Thursday, January 14, 2010

Matching Objects

These simple toddler puzzles are a quick and easy activity with very little prep.

Materials Needed:
- markers
- colored cardstock
- scissors or paper cutter
- toys/objects from around the house

1. Cut each piece of cardstock in half. I used 4 pieces, so I ended up with 8 cards.

2. Trace some of your child's favorite objects onto the cardstock using a marker. You can have your child choose the objects and you can trace them. If your child is older, have them choose more challenging objects and let them trace their own "puzzle" pieces.

3. Lay out the completed "puzzles" and have your child try and match the objects with their outline.

4. If your child struggles the first time, model how to complete the puzzles and then have him try again.

5. When finished, store the objects and cards in a basket in your child's room so that he can try out his puzzles again and again when he is playing.

Grade: A

Another easy prep/automatically motivating activity. My little guy loved doing something new with the toys that are already his favorites. He was so proud of himself when he made a correct match! This could also be modified to make it into a memory game. Just trace each object twice and have your child match the cards and clip them together with a clothespin.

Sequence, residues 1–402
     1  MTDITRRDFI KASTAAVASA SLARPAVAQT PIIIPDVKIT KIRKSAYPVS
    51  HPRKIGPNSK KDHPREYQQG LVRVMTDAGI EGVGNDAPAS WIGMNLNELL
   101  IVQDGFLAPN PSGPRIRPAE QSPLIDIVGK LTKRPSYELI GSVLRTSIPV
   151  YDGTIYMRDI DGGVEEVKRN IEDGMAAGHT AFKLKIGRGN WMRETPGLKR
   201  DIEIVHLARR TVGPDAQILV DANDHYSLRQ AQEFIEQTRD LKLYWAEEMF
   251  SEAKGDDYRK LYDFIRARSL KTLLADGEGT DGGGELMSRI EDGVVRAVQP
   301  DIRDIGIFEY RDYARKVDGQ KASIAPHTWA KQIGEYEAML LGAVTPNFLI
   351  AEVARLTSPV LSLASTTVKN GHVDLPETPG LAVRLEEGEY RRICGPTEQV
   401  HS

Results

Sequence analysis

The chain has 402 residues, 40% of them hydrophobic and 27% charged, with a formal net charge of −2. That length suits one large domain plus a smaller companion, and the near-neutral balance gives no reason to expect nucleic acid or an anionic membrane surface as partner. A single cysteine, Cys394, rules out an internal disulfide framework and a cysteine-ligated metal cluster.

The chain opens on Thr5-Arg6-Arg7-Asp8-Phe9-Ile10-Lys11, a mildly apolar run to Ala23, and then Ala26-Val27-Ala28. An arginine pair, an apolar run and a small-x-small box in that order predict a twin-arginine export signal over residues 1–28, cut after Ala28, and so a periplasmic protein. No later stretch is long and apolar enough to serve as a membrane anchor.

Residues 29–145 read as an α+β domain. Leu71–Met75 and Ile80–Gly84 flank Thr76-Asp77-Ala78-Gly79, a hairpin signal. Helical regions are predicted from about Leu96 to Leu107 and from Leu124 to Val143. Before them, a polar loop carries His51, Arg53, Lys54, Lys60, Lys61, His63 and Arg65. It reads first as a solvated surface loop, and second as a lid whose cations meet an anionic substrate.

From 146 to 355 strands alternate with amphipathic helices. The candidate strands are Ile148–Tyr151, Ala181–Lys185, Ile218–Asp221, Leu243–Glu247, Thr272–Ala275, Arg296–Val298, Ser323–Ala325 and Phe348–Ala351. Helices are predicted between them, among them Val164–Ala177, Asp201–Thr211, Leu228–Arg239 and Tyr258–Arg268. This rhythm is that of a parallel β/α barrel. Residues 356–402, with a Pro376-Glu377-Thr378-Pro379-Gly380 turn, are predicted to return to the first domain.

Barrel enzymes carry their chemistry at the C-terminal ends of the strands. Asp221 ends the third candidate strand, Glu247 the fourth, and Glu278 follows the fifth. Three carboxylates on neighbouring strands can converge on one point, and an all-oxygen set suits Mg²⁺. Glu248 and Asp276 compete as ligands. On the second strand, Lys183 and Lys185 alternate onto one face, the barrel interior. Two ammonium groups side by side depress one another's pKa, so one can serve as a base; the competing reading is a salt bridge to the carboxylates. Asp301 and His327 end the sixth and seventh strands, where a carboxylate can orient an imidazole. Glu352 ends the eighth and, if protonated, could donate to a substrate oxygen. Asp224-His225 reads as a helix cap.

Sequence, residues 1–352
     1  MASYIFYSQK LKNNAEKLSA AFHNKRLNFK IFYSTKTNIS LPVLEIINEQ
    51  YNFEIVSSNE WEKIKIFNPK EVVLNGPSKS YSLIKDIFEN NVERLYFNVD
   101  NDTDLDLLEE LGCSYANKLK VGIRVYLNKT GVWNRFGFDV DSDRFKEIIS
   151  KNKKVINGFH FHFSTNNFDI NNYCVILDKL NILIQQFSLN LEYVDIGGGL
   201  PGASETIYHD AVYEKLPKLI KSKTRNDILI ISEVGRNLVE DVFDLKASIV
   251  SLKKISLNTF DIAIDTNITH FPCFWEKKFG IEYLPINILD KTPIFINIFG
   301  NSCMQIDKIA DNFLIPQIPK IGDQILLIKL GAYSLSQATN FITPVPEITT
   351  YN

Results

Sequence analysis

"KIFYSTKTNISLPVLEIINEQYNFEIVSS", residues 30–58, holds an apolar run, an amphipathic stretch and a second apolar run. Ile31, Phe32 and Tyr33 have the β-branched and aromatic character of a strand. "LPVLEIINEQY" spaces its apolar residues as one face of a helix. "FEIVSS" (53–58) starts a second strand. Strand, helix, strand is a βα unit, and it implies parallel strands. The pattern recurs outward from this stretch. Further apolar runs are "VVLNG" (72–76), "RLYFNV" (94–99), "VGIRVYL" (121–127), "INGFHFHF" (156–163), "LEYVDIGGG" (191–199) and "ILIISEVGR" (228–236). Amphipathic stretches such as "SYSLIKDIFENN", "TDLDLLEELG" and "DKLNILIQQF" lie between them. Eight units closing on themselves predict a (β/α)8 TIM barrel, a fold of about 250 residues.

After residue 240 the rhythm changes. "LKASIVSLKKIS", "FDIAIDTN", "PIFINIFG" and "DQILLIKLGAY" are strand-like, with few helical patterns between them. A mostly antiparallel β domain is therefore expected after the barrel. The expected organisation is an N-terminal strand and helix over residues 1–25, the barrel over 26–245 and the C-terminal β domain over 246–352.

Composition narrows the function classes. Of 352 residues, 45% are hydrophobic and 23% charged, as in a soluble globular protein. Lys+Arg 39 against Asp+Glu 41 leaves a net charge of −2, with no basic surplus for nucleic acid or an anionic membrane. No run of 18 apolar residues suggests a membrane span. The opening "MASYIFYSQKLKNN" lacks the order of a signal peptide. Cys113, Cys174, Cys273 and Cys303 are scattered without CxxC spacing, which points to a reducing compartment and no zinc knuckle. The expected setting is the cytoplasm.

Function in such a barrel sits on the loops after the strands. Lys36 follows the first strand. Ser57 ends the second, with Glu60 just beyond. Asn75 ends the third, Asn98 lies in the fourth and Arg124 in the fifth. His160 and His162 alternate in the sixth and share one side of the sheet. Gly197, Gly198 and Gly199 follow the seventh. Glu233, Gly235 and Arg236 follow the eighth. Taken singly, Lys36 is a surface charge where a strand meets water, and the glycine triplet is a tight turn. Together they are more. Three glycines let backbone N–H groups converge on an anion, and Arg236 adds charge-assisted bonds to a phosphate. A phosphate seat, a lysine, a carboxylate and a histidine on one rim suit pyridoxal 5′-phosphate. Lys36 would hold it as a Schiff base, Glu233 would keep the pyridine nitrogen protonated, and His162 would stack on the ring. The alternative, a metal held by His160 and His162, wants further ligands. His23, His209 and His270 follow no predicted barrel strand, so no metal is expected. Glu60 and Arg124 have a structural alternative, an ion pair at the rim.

Language Development:

This activity can foster a lot of conversation about size, shape, and colors (ex. "the hammer is orange and yellow" or "the green gear is round"). You can also talk about the function of the objects (ex. track= what the train drives on). You can practice receptive language skills by asking your child to listen and follow directions, for example, "find the object that is red and round" or "find the object that you use to hammer a nail." You can make the questions/directions easier or harder depending on your child's age.

Idea inspired by the The Toddler's Busy Book.

Some of our other favorite puzzle and matching activities include Shape Town, Big Movers Matching File Folder, and Truck Shape Pattern Puzzles.

Do you have a baby or toddler? Check out my new e-Book Zero to Two: the Book of Play for more ideas for keeping little ones busy learning and having fun.


  1. Hi, Kristina. I am a friend of Elise's (from Jerusalem) and have even met you a few times (way back in the BYU days) and check out your blog from time to time b/c we have little boys the same age. And I am ALWAYS impressed with the fun things you do with your little guy and what a creative, smart, fun mom you are. So, when I found the link to this blog I was ecstatic. I am currently now making the stop and go signs. So, please keep the ideas coming and I will keep stalking and discovering ways to be a better, more educating mom! P.S. Andrew is a DOLL, by the way!--Jessy Madsen

  2. I teach 3 & 4 yr olds. We took all of our play food from the doll corner and traced the pieces. We printed out the name of the food item under it for sight words. It's a fun game to match those pieces of play food with the outline. Some pieces are not as obvious as you would think.

  3. i need to do activities for children ages 0-5 years as part of my childcare course, i was just wondering what ages do you think would this would most benefit from doing this game???? its a great idea!:)

    1. Hi Laura - probably kids 2-5 will enjoy this the most.


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